Howard
Ma
August 14, 2014
For Jon
Can a black become a white? At any rate, why say "white?" Why not "Aryan?"

The assertion ignores entirely the thesis of the essay. There is certainly a difference between an arbitrary distinction of color and a peoplehood that contributes to the world's rich diversity.

Try replacing with the name of some other cultural and religious minority, such as "Kurd" or "Zoroastrian" or "Sikh" and see if it is equally distasteful.
Tzvi Freeman
August 14, 2014
Read that article back but this time replace the word Jew or Jewish with the word White and see how horrific it would sound, then explain to me why its acceptable in 2014
Jon
UK
August 13, 2014
clique
Blind tribalism is a major force behind any organized religion, in my opinion, but especially Judaism. Growing up, I never fit into this culture and now I understand why. It's very cliquey. I could never get why "keeping the Jewish faith alive" could be more important than immersing oneself in humanity. I pity those who define themselves as Jews everywhere they go. This really cuts off people's ability to learn who you are beyond your religion. I say religion, not faith. No one can tell you what your spiritual beliefs are, at any age. This is, obviously, an issue with most organized religion, but it seems to me that the Jewish mentality is particularly zealous. I don't feel at a loss without Judaism in my life anymore. Now, I am surrounded by the most giving, kind, beautiful human beings, none of whom are Jewish, and I see them as my family. Shame on so many of the Jewish people for prioritizing the integrity of their tiny clan over branching out into humanity.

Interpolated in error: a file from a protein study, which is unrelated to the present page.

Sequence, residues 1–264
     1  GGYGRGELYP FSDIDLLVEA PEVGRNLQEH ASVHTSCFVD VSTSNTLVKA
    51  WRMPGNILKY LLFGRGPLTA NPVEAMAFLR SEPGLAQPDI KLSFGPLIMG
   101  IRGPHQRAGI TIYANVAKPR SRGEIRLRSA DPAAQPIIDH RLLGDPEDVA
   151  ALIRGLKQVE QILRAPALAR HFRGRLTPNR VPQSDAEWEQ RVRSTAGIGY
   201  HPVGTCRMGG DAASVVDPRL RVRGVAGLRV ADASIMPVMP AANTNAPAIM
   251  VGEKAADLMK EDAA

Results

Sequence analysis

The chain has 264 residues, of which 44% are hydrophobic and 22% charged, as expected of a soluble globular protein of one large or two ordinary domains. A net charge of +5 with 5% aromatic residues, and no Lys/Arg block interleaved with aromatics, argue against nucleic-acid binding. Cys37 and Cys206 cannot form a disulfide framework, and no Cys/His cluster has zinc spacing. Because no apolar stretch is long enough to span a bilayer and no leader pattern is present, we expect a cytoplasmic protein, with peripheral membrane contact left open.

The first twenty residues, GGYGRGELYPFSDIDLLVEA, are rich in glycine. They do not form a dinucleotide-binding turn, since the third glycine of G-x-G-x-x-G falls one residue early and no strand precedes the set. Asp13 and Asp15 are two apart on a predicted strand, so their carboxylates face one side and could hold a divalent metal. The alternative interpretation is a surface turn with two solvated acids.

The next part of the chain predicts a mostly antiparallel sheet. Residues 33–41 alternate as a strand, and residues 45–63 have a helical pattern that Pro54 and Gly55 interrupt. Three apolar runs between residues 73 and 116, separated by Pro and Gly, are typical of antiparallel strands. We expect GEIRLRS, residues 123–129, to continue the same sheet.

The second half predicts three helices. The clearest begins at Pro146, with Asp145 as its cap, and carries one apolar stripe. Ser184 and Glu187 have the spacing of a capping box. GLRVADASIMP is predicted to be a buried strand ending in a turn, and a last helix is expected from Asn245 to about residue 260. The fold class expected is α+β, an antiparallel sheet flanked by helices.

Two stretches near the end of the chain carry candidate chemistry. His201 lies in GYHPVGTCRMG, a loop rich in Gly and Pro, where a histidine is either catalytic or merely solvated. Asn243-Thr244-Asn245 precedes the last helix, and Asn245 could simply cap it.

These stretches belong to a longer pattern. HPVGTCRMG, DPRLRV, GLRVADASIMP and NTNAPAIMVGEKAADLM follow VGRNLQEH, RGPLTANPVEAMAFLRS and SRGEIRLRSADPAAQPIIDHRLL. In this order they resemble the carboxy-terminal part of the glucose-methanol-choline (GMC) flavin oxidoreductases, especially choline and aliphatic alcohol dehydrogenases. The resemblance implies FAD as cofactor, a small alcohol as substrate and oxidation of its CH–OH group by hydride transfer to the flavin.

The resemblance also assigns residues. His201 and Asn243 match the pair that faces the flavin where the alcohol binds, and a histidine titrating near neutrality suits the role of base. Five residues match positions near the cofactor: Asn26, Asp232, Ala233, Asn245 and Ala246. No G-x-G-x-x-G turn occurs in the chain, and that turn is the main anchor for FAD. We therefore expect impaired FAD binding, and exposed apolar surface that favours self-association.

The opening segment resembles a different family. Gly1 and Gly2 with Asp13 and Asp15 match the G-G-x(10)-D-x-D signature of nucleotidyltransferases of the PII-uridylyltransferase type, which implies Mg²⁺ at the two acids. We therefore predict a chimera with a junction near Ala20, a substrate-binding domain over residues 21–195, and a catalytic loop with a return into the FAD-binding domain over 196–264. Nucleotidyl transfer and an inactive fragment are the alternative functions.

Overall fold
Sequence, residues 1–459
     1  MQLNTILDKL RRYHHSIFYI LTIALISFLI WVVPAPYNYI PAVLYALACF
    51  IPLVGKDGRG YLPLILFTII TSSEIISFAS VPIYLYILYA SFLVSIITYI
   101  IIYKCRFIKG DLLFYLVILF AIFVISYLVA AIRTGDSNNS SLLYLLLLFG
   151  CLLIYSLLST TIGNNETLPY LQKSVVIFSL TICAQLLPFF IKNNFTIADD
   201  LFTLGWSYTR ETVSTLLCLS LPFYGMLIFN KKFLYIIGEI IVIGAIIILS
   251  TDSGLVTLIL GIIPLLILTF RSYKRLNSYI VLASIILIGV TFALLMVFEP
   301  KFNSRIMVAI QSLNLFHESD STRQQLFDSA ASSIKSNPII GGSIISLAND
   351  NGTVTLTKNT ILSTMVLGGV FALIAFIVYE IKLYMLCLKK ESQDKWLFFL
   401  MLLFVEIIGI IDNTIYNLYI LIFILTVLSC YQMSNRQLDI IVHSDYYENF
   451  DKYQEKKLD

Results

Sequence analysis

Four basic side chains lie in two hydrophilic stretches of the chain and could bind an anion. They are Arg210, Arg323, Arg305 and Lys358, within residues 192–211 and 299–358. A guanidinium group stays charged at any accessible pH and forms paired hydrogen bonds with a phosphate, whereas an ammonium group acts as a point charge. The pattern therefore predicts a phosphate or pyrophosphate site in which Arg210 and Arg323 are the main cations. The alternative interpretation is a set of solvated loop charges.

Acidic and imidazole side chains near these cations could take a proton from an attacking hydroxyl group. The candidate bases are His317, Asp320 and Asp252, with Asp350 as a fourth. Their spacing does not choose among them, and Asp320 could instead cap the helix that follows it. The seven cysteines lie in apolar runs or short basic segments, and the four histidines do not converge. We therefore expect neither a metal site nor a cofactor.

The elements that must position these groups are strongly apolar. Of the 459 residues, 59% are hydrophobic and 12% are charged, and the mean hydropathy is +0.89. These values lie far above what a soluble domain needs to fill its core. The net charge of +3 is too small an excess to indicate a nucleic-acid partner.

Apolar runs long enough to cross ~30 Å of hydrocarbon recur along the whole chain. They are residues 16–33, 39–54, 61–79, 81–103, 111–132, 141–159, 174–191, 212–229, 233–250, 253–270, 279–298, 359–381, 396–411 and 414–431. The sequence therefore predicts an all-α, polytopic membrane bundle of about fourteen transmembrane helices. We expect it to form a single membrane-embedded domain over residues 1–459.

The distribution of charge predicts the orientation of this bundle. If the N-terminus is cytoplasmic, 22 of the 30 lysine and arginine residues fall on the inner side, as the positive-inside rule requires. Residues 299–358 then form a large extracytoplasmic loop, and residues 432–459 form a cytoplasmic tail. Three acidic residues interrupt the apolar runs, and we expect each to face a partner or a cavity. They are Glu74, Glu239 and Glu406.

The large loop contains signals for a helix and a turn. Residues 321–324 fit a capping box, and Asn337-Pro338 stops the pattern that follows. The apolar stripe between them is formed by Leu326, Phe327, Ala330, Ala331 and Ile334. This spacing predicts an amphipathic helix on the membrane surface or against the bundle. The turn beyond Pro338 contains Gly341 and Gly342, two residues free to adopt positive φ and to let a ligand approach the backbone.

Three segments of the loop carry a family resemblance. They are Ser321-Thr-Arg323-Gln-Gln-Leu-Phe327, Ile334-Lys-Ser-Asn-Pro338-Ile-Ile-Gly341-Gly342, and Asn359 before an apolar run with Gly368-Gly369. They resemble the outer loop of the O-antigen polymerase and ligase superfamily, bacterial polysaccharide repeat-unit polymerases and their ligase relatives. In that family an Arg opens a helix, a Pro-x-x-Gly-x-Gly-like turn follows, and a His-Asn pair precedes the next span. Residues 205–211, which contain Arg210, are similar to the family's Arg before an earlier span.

Danielle